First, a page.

Gruenhagen, Draheim push legislation protecting independent pharmacies


Rep. Glenn Gruenhagen, R-Glencoe, and Sen. Rich Draheim, R-Madison Lake, announced Thursday, March 12, legislation they are authoring to address business practices from prescription benefit managers negatively impacting independent drug stores in rural communities.

According to a news release, this could lead to decreased prescription drug access for Minnesotans.

“Following conversations with a constituent that owns an independent drug store, it became clear to me that PBMs are causing significant economic hardship for many rural drug stores,” Gruenhagen stated in the release. “Our bill will provide additional oversight and regulation of PBMs to ensure that business practices do not put independent drug stores at risk of closure which would result in a significant disruption in prescription drug access for Minnesotans that live in rural communities.”

“Local independent pharmacies, particularly those in Greater Minnesota are steadily closing their doors,” Draheim stated in the release. “These closures deeply impact our communities and are leaving vulnerable populations across the state with fewer options to obtain medication and other health services. We already know the negative impact that distance plays on health care outcomes, so we want to proactive and implement solutions that allow Minnesotans to continue to access their health care conveniently.”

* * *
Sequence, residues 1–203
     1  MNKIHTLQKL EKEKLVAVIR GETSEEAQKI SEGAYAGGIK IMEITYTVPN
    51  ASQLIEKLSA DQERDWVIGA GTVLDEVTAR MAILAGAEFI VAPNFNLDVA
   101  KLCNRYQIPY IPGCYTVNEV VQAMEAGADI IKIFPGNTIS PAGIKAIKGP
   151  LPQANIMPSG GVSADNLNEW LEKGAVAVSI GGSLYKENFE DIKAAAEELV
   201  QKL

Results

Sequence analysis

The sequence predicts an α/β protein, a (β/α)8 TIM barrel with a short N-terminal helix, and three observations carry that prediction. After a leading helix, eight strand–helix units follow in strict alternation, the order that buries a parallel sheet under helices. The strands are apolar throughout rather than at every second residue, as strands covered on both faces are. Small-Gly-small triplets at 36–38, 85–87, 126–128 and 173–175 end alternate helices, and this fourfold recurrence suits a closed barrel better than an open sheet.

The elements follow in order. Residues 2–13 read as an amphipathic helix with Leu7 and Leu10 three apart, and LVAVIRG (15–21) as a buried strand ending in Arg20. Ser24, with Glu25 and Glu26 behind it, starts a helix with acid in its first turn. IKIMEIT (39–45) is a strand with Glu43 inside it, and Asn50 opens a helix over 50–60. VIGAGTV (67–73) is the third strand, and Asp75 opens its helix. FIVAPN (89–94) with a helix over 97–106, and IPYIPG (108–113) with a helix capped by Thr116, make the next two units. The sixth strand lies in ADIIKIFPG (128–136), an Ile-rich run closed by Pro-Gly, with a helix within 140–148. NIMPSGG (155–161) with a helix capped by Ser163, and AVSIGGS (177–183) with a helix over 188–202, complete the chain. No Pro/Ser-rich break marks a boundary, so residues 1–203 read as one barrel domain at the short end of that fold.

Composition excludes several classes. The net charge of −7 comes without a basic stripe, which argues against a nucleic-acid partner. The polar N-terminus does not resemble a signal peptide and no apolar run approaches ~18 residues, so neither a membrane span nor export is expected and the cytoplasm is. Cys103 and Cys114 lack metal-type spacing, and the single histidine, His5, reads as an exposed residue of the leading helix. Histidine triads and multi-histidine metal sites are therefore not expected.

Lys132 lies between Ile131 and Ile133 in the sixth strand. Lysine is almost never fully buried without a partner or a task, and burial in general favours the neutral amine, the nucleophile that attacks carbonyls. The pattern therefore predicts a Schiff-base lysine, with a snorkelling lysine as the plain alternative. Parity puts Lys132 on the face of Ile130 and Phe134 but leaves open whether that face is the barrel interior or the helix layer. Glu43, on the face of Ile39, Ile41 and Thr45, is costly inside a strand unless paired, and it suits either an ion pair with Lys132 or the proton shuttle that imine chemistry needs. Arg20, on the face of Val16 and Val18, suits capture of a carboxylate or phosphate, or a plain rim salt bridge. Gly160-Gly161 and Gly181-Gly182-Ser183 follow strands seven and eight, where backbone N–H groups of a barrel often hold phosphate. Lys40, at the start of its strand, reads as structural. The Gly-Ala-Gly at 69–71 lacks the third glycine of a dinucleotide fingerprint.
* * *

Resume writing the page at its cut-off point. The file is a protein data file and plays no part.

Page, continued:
The legislation builds on PBM licensing reform legislation that received nearly unanimous support in the House and Senate last year and was subsequently signed into law by Gov. Tim Walz.


Gruenhagen and Draheim’s bill incorporates additional regulations to PBMs including:

  • Requiring health plans to limit cost-sharing to not exceed the net price of a drug.

  • Prohibiting a PBM from transferring prescription information to affiliated pharmacies for commercial purposes except for reimbursement, formulary compliance, pharmacy care or utilization review.

  • Prohibiting a PBM from requiring the use of a mail order pharmacy if the prescriber specifies that face-to-face consultation is recommended.

  • Requiring PBMs to cover generic versions of drugs if the cost to enrollees is less than the cost of the brand name or the total cost of the generic is less than the total cost of the brand name.

  • Requiring drug wholesalers to report information on repackaged drugs like the initial acquisition cost and the average sale price. The state’s Board of Pharmacy would report this to the Legislature.

The House and Senate versions of the bill were introduced at the end of February and are awaiting hearings in each chamber’s Health and Human Services committees.

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